Price paid: $ 109
Purchased from: Sam Ash
Sound — 10
I'm using a Strat knock off (a Bronx, made in South Korea and a bit better than the Fender Bullets and Squires I played at Guitar Center). I'm playing Ruby Tuesday with flange and reverb; Beatles oldies with chorus and reverb; Gimme Some Truth with wah/chorus and reverb; While My Guitar Gently Weeps with tremolo and reverb; Little Wing and Southern Man and Rockin' In The Free World with drive and gain. I usually mix in sustain and boost. The drive channels jump up the volume. The clean channels have a lower preset volume range. I've stored several presets. Listening with the volume maxed out and headphones on shows how little system distortion there is and how loud and clean the amp can sound. Preloaded amp model distortions are about as brutal as you would like and can have gain added to them. The screws on my faceplate and pickups sometimes give me a little snap, crackle and pop through the system when the ambient air is static-y, but it is not the fault of the amp. There is a modest, adjustable noise reduction button.
Overall Impression — 10
I am using it for classic rock and pop rock (see above) and love the diversity of modeling/effects. I would get it again if it was gone, although I'd go for the new Zoom Fire 18M model if I needed a replacement. I also hope to get the new Zoom Fire 36M with more power (which could be used for some gigs without being tied into a PA), and has mics built in, in front of the speaker, for recording. Listening to the sound of the 15 through headphones, the Zoom 36M would be worth having for at least personal recording. The only regret is that the tuner seems a tad flat (but that could be weak tuner switches on the Bronx). The 15 could stand to have more bottom end, but the 36 is supposed to have an added bottom end boost button. The 15 is an excellent home/practice amp, and the headphone jack through a PA means it can be hauled to a studio for jamming and rehearsal easier than larger amps. Before I bought it, I looked at the Fender Bullet 15 w/effects (same price range, far fewer effects and combinations); the Alesis 15 (which has almost as many effects and is another good choice); and, a Roland Cube (which is a great, light 5 watt travel amp that can run for days on batteries with some effects, but is the same price range as the others without the power or versatility). While any of these are good values (I almost got a used Fender Bullet 15 with a few effects for under $70), but I'm sure I got the most bang for the buck with the Zoom, and it has held up to scrutiny. Try playing sales people off by showing them how much the 18M is listed at, and then saying why get the Zoom 15 when its price should be coming down as it is phased out by the Zoom 18. That's how I got the the price I got.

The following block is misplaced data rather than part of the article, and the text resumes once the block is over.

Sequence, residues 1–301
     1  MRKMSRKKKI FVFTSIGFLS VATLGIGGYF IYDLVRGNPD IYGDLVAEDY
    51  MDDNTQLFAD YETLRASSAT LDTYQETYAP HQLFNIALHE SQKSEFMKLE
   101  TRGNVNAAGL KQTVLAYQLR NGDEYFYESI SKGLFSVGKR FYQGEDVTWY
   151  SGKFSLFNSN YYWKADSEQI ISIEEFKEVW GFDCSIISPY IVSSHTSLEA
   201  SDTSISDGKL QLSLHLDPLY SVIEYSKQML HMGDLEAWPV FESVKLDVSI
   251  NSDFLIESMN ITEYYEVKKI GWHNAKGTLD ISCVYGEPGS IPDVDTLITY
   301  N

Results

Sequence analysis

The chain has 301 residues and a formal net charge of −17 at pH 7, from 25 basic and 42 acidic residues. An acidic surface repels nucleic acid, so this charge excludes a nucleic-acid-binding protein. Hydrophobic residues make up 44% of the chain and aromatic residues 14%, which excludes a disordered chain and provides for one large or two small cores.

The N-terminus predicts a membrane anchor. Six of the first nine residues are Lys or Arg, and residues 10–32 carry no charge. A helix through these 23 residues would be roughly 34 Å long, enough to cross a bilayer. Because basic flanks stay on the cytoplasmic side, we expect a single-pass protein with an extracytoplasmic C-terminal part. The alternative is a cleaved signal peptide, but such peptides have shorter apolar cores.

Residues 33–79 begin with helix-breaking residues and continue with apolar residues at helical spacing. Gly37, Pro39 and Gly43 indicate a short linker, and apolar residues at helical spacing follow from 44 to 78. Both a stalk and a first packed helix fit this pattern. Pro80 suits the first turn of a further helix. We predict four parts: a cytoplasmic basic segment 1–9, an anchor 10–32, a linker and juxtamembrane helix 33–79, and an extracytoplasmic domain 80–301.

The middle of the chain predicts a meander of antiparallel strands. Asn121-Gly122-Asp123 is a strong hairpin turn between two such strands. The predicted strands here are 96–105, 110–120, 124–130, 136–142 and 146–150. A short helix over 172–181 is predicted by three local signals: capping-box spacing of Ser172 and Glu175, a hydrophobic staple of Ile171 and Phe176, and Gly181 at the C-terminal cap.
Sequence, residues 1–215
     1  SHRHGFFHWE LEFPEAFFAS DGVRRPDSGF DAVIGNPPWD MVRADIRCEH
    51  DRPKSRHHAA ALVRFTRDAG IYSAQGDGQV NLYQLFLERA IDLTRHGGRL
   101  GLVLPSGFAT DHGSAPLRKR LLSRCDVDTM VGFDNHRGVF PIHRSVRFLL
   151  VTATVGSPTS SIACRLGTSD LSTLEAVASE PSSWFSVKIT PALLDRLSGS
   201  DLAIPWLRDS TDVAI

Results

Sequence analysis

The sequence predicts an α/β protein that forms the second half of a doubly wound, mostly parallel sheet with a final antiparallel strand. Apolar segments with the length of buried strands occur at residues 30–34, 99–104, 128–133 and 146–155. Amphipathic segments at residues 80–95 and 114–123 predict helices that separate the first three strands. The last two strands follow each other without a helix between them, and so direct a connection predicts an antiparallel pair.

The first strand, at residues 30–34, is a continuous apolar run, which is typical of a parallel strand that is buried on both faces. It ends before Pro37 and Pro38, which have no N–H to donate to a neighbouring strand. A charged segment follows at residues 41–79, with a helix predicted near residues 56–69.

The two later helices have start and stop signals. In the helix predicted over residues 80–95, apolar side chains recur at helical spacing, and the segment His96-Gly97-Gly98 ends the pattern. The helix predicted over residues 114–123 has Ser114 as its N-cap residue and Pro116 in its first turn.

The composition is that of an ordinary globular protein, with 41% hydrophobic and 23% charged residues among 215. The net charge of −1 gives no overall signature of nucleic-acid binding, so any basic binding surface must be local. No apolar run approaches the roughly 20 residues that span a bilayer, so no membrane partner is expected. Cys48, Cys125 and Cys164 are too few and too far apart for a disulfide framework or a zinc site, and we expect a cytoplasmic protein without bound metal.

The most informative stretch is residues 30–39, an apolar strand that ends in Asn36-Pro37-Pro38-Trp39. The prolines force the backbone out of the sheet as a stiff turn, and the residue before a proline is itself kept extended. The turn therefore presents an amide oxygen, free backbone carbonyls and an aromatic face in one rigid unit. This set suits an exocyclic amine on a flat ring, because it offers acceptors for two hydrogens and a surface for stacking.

Reliability & Durability — 10
I've had the amp for about eight months and I haul it over to my keyboardist friend's house, driving several miles of pothole'd LA streets, onto the Freeway for a few miles and a few more miles of beach community streets, and back again, a two to four times a month. I put it on it's back in the back of my Explorer and have never had a problem with it. All of the visible screws have remained tight. It is not light.
Features — 10
Digital home amp. Multiple amp models and loaded with effects. Also, has sustain, boost, a tuner and preloaded model/effect choices some of which can be modified or you can create and store you own combinations. Plus, all non-chorus effects have three settings that add in chorus, and there are four separate reverb settings that can be added to the non-reverb effects. Can play classic rock, punk and heavy metal or pop. See first review for more info.